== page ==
Vol. 77, No. 11, November
The Times They Are a Changing
Naturalist and author Charles Darwin once said the species that
survives is not necessarily the most intelligent or even the strongest,
but the one most able to adapt to change.
by Michelle A. Behnke
This profession is facing change, and how we are able to
adapt to that change could determine how our profession survives. The
changes that we face, the questions before us, do not often lend
themselves to "yes" or "no" votes but require a consideration of a "mega
issue." Are we prepared to address such issues? How do we, as an
organization, make the big decisions that are ahead?
Recently, the State Bar Board of Governors held a two-day meeting.
While there was nothing unusual about the meeting or even the length of
the meeting, there certainly was something unusual about how the board
went about its work.
The Board of Governors spent the first half of the meeting learning
tools for a knowledge-based governance strategy. Before your eyes glaze
over, let me explain. Glenn Tecker of Tecker Consultants explained that
successful governance has more to do with the willingness of people to
do things differently than their knowing what to do differently. Tecker
also indicated that associations are moving from a traditional political
model of decision- making to a more business-based model focused on
information and insight. With that admonition, the board set about
learning and then applying the new model of decision-making. The board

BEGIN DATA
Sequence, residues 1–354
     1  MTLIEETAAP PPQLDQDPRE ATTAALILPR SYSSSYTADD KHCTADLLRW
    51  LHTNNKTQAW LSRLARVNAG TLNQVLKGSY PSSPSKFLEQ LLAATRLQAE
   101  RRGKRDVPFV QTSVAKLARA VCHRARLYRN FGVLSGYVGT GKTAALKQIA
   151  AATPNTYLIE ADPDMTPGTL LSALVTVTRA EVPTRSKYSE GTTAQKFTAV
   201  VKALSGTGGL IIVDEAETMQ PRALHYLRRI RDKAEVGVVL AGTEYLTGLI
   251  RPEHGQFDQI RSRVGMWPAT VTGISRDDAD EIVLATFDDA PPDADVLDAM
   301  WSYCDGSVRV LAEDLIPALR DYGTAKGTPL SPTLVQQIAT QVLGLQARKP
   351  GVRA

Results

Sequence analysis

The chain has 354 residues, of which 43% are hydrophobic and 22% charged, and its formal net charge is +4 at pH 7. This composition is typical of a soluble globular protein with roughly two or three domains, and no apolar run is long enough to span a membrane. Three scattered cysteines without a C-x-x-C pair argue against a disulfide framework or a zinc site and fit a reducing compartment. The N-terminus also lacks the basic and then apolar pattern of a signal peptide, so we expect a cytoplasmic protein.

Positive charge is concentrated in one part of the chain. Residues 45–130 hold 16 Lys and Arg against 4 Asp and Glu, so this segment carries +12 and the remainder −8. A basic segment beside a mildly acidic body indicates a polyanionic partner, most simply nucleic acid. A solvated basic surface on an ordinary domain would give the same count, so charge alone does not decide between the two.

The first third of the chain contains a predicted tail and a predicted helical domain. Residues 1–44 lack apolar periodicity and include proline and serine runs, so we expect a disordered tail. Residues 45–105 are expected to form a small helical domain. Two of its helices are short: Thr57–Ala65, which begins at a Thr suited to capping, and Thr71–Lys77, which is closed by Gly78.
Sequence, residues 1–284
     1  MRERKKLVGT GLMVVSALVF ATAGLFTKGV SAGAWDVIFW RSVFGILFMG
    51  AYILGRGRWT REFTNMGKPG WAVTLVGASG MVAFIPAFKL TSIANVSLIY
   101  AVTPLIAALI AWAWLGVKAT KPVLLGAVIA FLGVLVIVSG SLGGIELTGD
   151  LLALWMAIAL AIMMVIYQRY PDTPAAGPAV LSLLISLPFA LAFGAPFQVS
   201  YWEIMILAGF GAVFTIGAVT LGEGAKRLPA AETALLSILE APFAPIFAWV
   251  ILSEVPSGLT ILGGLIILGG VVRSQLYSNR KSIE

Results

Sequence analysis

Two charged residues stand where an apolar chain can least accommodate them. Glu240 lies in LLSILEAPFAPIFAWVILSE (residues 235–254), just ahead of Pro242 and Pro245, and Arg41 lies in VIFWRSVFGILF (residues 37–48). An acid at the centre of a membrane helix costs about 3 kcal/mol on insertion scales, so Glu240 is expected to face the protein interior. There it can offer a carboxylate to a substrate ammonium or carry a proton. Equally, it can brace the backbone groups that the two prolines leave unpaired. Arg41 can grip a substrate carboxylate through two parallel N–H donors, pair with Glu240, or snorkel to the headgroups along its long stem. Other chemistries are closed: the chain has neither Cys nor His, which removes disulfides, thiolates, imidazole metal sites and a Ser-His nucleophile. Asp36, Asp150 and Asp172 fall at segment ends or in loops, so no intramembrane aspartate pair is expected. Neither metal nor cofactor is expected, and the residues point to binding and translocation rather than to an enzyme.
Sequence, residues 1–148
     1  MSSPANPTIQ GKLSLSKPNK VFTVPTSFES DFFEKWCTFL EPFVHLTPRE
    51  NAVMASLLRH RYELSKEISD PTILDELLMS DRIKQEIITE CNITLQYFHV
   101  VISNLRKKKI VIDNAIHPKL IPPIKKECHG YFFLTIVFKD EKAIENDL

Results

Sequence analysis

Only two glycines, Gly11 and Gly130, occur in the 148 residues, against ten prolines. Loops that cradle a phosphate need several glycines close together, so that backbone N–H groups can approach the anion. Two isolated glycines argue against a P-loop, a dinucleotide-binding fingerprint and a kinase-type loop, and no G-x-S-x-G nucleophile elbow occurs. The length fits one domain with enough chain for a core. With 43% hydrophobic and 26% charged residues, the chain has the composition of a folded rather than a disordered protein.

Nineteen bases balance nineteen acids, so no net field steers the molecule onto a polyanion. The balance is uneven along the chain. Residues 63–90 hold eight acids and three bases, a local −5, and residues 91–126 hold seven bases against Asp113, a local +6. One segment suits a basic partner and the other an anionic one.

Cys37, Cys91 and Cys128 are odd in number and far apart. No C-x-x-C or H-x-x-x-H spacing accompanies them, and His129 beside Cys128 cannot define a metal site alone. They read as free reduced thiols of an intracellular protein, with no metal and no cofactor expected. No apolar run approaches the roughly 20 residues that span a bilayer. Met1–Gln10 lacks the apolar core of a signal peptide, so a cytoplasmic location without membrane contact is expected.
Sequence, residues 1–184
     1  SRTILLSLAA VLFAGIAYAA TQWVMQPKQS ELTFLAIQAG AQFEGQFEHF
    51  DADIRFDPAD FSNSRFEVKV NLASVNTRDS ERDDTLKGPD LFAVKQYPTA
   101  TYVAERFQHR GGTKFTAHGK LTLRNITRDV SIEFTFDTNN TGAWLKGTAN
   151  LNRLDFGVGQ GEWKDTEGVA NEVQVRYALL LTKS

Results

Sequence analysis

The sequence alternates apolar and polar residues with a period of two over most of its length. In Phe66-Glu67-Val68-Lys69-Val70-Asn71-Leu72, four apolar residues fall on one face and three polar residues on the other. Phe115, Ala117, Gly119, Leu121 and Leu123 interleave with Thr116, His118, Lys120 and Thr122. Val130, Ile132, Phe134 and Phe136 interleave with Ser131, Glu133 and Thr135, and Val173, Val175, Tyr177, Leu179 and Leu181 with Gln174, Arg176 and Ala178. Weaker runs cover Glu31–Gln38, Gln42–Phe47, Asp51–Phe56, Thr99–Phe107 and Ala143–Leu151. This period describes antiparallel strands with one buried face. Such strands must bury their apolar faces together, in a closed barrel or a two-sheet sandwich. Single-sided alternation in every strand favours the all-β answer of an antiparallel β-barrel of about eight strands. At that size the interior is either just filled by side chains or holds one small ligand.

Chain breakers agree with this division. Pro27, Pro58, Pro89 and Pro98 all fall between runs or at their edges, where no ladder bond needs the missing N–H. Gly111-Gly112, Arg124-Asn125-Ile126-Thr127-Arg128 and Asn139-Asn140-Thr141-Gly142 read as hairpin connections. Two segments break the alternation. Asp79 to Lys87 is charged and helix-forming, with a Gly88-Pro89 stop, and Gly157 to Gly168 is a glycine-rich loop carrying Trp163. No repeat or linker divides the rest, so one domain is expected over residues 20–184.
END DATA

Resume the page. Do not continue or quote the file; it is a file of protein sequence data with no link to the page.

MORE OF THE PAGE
did not just listen to the theory. The case study was a live issue for
the State Bar: how to respond to the Ethics 2000 Committee Report and
Petition to the Wisconsin Supreme Court.
The board started by working on the four key questions for
- What do we know about our members - their needs, wants, and
preferences - that is relevant to this decision?
- What do we know about the current realities and evolving dynamics of
our members, marketplace, industry, and profession that is relevant to
- What do we know about the "capacity" and "strategic position" of our
organization that is relevant to this decision?
- What are the ethical implications of our choices?
Questions in hand, the board took the proposed changes to the Rules
of Professional Conduct for Attorneys and worked through the questions,
trying to make sure that board members had good information on which to
base a decision. The work is ongoing. The start made by each work group
on each issue of the Ethics 2000 proposed rules will be available for
all of the other work groups to review. By working in this manner, we
can have greater confidence that all of the board members have the same
knowledge base when it comes to actually making the decision and that
they are focused on the responses to the four key questions.
To really address the issues ahead, this association will need to
gather solid information about its members' preferences, needs, and
wants. We also will need to acknowledge current realities and evolving
dynamics and apply this information to the issues at hand.
So, does this association know what you, as a member, think? If not,
I hope you'll take a moment to contact your Board of Governors
representative, use the member feedback links on the WisBar Web site, or
write a letter. Make sure we know what you're thinking and how we can
address the mega issues facing the State Bar of Wisconsin.